Firstly, I’d just like to say thank you to Producer, David Munz-Maire for sending me an online screener to the 8-minute Crime/Mystery/Thriller short “The Hobbyist”, Written and Directed by George Vatistas. A mystery man (played by Daniel Mitura in his first short film) walks into a vintage chemist late at night, in search of a particular individual (Robert W. Smith) who supposedly possesses an undetectable poison. What starts out as a simple transaction, quickly spirals into chaos as hidden agendas arise.
Maire, a Writer/Producer, and Director (among other things) was kind enough to reach out to AdamTheMovieGod seeking a review for some of the work his production company “Airebedd” has put out in recent years. The Hobbyist serves as Vatistas’s debut short film and it’s an impressive one at that. Cinematographer, Ryan De Franco has built quite a career in short filmmaking and his vast skillset is well and truly on display here. Everything is nicely framed and the shot choices are simple but productive. The audio track is controlled and Robert Eletto’s score is something entirely new. He invokes a sort of magical essence to the sound of keys and adds what sounds like individually plucked notes on a harp. Mitura and Smith’s performances are lively and believable, and the story takes an interesting intriguing direction.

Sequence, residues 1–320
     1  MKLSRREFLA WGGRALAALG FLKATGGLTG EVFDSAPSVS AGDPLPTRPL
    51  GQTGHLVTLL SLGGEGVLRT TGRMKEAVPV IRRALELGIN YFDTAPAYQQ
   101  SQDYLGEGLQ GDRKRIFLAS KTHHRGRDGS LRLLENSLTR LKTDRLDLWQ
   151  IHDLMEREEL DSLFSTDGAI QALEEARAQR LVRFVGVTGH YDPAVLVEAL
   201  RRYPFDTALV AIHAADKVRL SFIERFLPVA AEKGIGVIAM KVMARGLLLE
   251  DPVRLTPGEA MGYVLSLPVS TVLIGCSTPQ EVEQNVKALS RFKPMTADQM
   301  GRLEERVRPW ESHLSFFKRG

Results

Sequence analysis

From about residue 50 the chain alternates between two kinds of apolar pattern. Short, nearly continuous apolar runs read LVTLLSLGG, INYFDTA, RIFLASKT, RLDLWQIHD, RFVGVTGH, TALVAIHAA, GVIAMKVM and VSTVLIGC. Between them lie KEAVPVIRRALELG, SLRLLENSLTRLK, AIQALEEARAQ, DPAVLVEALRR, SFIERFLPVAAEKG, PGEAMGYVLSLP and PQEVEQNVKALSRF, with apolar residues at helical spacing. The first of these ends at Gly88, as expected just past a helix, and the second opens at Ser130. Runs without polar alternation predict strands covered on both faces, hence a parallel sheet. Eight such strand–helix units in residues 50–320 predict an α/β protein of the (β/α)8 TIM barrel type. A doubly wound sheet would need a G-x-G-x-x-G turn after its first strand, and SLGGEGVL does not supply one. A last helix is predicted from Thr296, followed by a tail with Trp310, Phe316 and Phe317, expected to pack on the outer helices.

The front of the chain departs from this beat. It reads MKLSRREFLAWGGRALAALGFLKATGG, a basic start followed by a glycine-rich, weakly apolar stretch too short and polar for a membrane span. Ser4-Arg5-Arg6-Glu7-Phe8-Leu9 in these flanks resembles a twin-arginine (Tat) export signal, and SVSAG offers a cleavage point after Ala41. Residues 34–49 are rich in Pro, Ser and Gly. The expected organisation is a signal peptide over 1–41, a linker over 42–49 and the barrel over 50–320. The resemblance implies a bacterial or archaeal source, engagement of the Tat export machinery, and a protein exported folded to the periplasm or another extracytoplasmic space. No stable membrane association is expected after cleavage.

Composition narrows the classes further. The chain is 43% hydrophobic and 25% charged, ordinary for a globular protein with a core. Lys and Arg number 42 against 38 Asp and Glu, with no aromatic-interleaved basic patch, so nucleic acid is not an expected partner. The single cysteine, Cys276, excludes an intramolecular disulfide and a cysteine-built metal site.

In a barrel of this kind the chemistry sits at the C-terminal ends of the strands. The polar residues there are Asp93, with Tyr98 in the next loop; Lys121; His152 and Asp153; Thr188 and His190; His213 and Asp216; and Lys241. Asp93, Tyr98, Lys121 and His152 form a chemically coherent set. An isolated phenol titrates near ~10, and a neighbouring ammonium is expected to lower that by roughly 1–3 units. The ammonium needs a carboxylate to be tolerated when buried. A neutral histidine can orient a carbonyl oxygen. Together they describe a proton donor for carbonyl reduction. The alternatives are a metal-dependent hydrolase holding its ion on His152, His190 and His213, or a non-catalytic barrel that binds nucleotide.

On the downside, I was a bit disappointed that George conveyed central information disclosed between the pair of men via intentional inaudible dialogue. Some viewers are likely to want to hear the details Sangstrom (Mitura) shares with the chemist. It’s no great mystery though as things start to unfold, but I still think the drama may have hit home a little harder had Vatistas went the other way. It could have even served as a point of exposition for Sangstrom to elaborate on having carried out previously tried means before actually resorting to the toxin. There’s a scene displaying Sangstrom standing around waiting for the shopkeeper, done so through a rather simple time lapse. I think a few more diverse shot choices to further highlight his stress levels during that time would have been of benefit.
The Hobbyist is a stylish little short from 2016 and a wonderful debut film from Vatistas. The script has a hint of the criminally underrated “Five Fingers” about it, and the presentation is even reminiscent of something like “Predestination” (one of my favorite science fiction films). The camera work is slick, the audio is clean, and Eletto’s score is one of the standout features. The performances are both good and the narrative is engaging despite a couple of missed opportunities. I could have gone for some more back and forth discourse between the two characters and the inclusion of a few more frames would’ve helped drive the suspense. All in all, this is a great little film and I urge people to check out the teaser trailer below and keep an eye out for the release, Enjoy!
My rating for “The Hobbyist” is 8/10